DIS, for example, had a 300% return (£4.7m) for the £1.4m they paid for Neymar’s rights even before it came to light that Barcelona had in fact paid a much higher sum than they originally disclosed. At the time of the move, Barcelona said the transfer was worth £48.6m but, after questions were raised by a member of the club, they were forced to release documents showing the full cost to be more than £71m. DIS is now threatening court action to get a bigger slice of the transfer fee, much of which it has since been disclosed had been paid secretely to N&N, a company run by Neymar Sr, through a string of “consultancy deals” prompting tax investigations in both Brazil and Spain.
Apart from TV rights, sold individually, player transfers are the biggest source of income in Brazilian football and, according to Fifa, the country was the biggest net winner in the international transfer window between 2011 and 2014, pocketing £361m. It is quite likely that DIS and similar financial backers were left with the widest smiles.
“Investors are a necessary evil [for Brazilian football] because the financial pressures mean that few clubs can sign players without some external backing,” reckons Paulo Nobre, the president of Palmeiras, where 117 out of 195 players across first team and youth academies are not 100% owned by the club.
It looks immediately obvious that without outside investors Brazilian teams will be less able to attend to salary demands and therefore more vulnerable to poaching from overseas clubs. Fifa’s proposals could also affect the considerable number of repatriations that took place in the last few years.
What is certain is that Brazilian football could have done without another bombshell in 2014 – the year in which the were so unceremoniously torn apart by Germany in the World Cup semi-final in front of their own fans and where the Campeonato Brasileiro – the country’s premier competition – currently has an average attendance of 15,844. Hardly the massive post-tournament jump clubs had hoped for.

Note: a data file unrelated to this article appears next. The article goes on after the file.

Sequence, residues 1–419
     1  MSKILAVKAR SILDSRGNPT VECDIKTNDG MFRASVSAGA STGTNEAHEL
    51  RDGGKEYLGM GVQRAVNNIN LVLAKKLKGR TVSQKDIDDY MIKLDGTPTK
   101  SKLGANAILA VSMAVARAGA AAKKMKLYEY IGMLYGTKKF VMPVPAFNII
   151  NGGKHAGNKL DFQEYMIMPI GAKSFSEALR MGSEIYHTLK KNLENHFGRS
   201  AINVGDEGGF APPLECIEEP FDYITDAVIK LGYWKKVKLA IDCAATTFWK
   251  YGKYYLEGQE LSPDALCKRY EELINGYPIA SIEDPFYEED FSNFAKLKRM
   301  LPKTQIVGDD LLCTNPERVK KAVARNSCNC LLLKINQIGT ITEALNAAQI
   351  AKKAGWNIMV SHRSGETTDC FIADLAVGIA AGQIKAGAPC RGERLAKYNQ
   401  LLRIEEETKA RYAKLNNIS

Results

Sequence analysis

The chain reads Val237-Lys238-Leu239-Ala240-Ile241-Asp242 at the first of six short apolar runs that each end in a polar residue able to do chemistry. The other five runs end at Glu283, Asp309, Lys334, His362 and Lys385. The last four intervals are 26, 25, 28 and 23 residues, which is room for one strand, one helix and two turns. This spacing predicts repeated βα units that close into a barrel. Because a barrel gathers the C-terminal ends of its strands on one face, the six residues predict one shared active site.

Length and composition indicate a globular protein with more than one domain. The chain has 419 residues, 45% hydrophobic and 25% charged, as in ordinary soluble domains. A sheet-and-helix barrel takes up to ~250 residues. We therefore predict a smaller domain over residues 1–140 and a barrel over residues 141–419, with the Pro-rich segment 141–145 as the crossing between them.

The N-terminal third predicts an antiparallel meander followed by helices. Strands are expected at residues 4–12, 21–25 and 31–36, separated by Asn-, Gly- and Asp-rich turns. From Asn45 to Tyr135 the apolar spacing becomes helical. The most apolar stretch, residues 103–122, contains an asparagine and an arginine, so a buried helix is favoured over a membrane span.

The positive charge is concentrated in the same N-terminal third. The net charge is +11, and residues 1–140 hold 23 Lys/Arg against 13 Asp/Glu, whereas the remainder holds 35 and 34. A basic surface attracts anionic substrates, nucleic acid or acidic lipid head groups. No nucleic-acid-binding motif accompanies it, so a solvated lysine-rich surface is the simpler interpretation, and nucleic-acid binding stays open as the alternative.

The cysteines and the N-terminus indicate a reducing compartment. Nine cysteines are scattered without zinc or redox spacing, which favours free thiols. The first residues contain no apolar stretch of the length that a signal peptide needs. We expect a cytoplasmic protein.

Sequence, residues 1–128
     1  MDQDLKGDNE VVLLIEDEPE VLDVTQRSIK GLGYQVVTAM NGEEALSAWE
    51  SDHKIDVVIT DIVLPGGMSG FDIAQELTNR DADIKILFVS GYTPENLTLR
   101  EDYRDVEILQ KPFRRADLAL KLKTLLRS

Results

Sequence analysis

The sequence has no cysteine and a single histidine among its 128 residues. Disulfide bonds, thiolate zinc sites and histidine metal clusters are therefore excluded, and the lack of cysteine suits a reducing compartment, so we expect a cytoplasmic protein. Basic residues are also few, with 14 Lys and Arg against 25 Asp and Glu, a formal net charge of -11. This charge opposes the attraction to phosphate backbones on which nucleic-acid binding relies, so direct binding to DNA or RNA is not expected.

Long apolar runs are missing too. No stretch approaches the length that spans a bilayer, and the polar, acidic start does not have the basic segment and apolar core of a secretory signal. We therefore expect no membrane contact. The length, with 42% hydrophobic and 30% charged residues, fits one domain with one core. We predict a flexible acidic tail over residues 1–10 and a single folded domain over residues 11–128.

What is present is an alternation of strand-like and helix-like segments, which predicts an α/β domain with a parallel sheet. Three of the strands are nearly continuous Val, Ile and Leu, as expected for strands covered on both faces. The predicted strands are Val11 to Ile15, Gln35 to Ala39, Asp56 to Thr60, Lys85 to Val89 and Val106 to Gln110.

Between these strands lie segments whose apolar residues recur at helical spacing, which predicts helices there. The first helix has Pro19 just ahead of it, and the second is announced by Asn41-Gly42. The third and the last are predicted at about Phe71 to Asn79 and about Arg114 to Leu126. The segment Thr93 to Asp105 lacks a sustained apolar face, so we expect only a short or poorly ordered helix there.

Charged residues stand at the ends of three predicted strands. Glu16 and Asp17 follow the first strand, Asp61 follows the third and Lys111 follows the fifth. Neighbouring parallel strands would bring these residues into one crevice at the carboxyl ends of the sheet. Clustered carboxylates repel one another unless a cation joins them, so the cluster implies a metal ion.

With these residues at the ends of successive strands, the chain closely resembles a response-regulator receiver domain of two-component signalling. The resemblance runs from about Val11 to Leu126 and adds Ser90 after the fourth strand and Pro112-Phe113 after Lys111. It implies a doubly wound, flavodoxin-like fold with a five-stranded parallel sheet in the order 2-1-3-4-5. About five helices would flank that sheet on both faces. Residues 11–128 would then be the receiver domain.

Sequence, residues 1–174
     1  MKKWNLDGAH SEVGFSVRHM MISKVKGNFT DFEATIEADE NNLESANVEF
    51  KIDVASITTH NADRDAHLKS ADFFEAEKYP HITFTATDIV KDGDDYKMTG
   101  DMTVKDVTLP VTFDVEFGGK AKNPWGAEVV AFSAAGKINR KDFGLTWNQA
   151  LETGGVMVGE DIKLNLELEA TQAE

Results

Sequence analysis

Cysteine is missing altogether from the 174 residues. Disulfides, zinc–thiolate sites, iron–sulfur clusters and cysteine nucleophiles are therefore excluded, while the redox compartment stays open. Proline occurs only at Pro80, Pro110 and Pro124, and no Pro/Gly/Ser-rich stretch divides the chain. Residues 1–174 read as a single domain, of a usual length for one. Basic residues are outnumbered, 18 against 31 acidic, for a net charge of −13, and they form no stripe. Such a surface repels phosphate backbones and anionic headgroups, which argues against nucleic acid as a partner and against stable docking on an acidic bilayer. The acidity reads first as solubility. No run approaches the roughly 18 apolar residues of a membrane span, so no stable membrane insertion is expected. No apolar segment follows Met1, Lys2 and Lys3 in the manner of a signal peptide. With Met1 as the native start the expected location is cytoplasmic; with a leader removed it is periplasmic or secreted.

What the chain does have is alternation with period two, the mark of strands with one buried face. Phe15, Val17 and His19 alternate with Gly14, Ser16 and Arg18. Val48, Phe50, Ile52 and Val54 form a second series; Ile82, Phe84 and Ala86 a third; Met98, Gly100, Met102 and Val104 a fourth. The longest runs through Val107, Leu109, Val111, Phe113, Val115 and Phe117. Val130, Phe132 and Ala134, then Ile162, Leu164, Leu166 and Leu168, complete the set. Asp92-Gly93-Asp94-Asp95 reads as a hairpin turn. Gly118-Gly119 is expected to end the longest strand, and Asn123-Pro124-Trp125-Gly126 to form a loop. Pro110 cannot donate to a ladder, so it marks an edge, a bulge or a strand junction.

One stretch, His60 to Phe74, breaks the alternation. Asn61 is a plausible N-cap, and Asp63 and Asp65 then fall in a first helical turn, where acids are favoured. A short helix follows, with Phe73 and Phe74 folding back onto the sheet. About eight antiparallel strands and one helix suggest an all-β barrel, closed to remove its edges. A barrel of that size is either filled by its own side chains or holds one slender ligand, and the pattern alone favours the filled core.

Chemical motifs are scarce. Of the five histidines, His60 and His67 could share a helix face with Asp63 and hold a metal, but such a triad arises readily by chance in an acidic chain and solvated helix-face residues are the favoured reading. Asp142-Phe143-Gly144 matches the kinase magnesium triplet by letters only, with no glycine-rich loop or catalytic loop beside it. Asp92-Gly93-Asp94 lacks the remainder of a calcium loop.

There are those who see the glass half-full. “It’s actually a very positive step for Brazilian football,” says Amir Somoggi, one of Brazil’s most respected football business experts. “Clubs will obviously take a financial hit in the short term but Fifa’s ban on third-party ownership should instead be seen as an opportunity. Clubs will have to focus more seriously on youth development and at least they will keep the money when their players are sold.
“The ruling will force Brazilian clubs to actually become more professional and modernise how they work their sponsorship and supporter service operations. Whoever has their feet on the ground will have financial and sporting success.”
However, some clubs sense a conspiracy orchestrated by Uefa to knock down transfer costs for European clubs when they go shopping. The Brazilian Football Confederation (whose elected president, Marco Polo Del Nero, has already said he would rather see tougher regulation in place instead of a complete ban on third-party ownership), led the South American lobbying against the decision in vain.
Brazilian clubs have a maximum of four years to shape up. Their bubble has been well and truly burst.